Parts of a turntable
These are the basic parts of a standard, modern turntable. Familiarise yourself with them so you can study carefully how any turntable you’re considering buying deviates from the “norm”.
7” adaptor (1) – Many 7” singles have a wide hole in the centre, originally because such a hole was needed for them to work with the mechanisms in jukeboxes. This adaptor lets you play such records on your turntable. Typically long-lost on club turntables; take your own if this is important yo you.
Anti-skating control (2) – Sets the anti-skating force, which is to counter the tendency of the rotating record to pull the cartridge towards the centre of the platter. Setting it to the same value as…
Cartridge (not shown) – A small attachment that fits onto the end of the tonearm, into which plugs the stylus. It contains a magnet, which transforms the vibrations from the stylus into tiny electrical signals. These are then sent to a phono pre-amp to amplify them, typically inside a DJ mixer. Can mount to the headshell, or be the same piece as the headshell.
Counterweight (3) – Used to balance the tonearm so it applies just the right amount of pressure to the cartridge and stylus. The correct “tracking weight” is usually two or three grams, but you see DJs reversing the counterweight, adjusting it to be as heavy as possible, and even attaching small weights like pennies to the top of their cartridges to help stop skipping.
Cue lever (4) – Lets you lift up and lower the stylus without touching it. Rarely if ever used by DJs, who prefer to lift the tonearm using the arm of the headshell.
Headshell (5) – The mount for the cartridge and stylus, has a little arm that is there to help you lift and place the assembly where you want it. Sometimes it is not a separate piece from the cartridge.
Headshell holder (6) – For storing a headshell that you’re not using. Can theoretically be useful if you use your own headshells for DJing (a good move!) so you can store those supplied by the venue. I’ve never seen anyone using it.
Height adjuster ring (7) – For adjusting the fulcrum height of the tonearm. Don’t mess with this unless you have good reason to and know what you’re doing – it’s unlikely to cause you any issues left as it is.
Needle (not shown) – See Stylus
Pitch adjuster (8) – Essential for beatmixing, because it lets you change the speed of the motor, and so the speed of the record, and so the tempo. Gets its name because speeding a tune up or slowing it down also raises or lowers the musical pitch, +/-4% being about a semitone. Curiously, moving it up lowers the pitch, and down speeds it up. The scale printed on the turntable’s body allows you to see the percentage value of your change.
Pitch adjuster range (9) – Doubles the range of the pitch control, meaning you can slow down or speed up the record more, but at the expense of accuracy.
Pitch reset button (10) – Sets the pitch to zero no matter where the pitch adjuster is set – basically, disabling the pitch adjuster. Pressing it again returns the turntable to the currently set pitch.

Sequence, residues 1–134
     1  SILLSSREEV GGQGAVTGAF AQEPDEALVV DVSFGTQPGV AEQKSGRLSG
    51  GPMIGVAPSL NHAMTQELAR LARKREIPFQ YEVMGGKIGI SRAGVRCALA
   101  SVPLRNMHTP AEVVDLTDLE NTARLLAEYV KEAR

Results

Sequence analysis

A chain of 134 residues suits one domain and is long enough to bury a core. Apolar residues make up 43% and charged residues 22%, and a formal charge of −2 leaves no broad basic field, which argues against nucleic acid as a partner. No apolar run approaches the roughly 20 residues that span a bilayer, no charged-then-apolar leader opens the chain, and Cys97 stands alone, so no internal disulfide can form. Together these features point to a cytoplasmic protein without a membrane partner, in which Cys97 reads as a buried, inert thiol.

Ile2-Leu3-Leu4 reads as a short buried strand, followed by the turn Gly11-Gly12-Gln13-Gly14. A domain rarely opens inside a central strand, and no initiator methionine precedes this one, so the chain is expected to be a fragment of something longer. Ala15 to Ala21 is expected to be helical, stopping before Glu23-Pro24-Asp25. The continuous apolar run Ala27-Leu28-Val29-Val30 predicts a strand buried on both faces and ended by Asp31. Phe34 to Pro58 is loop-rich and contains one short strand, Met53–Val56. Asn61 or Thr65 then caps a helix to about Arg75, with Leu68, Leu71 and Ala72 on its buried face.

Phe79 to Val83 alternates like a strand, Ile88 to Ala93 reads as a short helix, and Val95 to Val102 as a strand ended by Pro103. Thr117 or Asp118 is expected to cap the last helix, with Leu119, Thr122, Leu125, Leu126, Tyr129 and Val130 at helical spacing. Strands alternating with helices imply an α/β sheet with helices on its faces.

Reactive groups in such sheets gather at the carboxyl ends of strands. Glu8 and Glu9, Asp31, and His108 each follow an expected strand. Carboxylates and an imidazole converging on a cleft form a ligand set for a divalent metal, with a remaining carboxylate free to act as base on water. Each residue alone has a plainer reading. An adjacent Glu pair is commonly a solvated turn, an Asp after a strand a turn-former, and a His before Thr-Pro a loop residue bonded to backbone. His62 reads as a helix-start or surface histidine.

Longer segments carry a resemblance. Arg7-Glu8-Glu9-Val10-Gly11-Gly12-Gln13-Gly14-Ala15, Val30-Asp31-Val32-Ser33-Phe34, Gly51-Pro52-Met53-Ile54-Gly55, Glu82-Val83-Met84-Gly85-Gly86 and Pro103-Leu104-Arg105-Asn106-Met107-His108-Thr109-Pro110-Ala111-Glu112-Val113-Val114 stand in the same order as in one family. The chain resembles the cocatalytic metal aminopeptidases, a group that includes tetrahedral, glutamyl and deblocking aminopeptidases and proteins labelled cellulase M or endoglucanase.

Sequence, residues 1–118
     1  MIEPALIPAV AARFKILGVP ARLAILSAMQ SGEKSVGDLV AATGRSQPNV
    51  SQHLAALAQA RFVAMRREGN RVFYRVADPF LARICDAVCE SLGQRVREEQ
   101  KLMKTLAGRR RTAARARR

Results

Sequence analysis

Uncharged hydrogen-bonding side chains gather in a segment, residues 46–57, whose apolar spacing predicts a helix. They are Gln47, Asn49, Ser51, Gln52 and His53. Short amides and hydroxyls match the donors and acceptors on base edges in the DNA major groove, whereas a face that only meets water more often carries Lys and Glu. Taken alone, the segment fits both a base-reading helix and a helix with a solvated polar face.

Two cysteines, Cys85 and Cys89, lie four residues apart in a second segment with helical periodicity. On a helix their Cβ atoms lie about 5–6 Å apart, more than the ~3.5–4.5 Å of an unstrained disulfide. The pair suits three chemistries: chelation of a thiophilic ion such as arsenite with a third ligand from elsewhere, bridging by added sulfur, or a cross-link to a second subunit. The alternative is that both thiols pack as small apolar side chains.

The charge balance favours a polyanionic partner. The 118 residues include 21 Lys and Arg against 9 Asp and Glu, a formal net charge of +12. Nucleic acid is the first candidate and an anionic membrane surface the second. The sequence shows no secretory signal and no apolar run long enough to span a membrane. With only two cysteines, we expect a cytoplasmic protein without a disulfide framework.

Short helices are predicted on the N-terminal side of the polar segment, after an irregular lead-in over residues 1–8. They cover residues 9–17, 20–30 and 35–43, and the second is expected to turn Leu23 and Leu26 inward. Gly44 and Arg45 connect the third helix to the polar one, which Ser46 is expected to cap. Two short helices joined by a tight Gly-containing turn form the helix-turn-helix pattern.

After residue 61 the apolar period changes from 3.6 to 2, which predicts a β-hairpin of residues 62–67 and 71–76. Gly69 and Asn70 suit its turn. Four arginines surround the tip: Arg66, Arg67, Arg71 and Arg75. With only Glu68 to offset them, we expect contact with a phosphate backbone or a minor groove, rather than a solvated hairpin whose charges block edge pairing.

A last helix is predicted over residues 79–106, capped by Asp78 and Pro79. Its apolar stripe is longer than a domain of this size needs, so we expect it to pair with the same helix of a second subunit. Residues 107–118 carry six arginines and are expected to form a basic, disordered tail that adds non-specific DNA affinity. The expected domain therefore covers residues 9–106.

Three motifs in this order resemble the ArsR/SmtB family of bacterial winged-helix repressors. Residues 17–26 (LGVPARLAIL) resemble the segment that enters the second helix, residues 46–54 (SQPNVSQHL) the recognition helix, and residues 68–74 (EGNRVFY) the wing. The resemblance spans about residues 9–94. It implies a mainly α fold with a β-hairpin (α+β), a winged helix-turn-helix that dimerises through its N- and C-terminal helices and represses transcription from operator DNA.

Power switch (11) – Rotating on/off switch for the deck. Sits on top of the strobe light on many turntables. On some turntables, it can be turned off to give the classic turntable “slowing down” effect. The reason why cutting power to the turntable cuts the motor but not the sound, is that no external electricity is needed to output an audio signal – the audio signal that leaves a turntable via the “phono out” cables is unamplified, created only by the movement of the needle on the record and a small magnet in the cartridge.
Platter (12) – The rotating surface, on which you place the slipmat and record (or control vinyl) on.
Slipmat (13) – A thin, slippy felt mat that sits between the metal of the platter and the record. Allows DJs to easily stop and manipulate the vinyl with their fingers, while the platter continues to spin underneath.
Speed buttons (14) – Where you select the turntable’s speed, usually a choice of 33 or 45 RPM. Long-playing records tend to rotate at 33, singles tend to rotate at 45 RPM. On some turntables, pressing them both together sets the turntable to 78 RPM – the speed of a very old record format.
Spindle (15) – Goes through the hole in the centre of your record. Should the hole in your record be accidentally not quite central (it happens…), the record will appear to speed up and slow down slightly as it plays, and the tonearm will move left and right slightly with each revolution.
Strobe light (16) – Rapidly flashing light that illuminates the strobe markings. It appears to be a solid light to the naked eye.
Strobe markings (17) – Dots or other markings on the sides of the platter that work in conjunction with the strobe light. They give the illusion of “freezing” at certain pitch positions (-3.3%, 0%, 3.3%, +6%). useful for checking the turntable is spinning at a constant speed.
Stylus (not shown) – A small diamond mounted on a tiny metal arm that picks up the sound. When it “tracks” through the groove of a record, the needle vibrates. Attached to the cartridge.
Target light (18) – A light that shines across the surface of the record. It helps DJs to see where the quiet and louder parts of the song are, and indeed the gaps between tracks should there be more than one track on the side playing. Quieter parts appear “smoother”. Some are removable; on Technics decks, they can be pushed down to hide, and a button pops them back up again.
Tonearm (19) – A hollow metal tube that has the cartridge and needle mounted on one end, and the adjustable counterweight on the other. The idea is to set this up so it applies just the required weight to the cartridge and stylus for them to “track” correctly in the groove.
Tonearm stand (20) – Where you stand the tonearm when you’re not playing a record.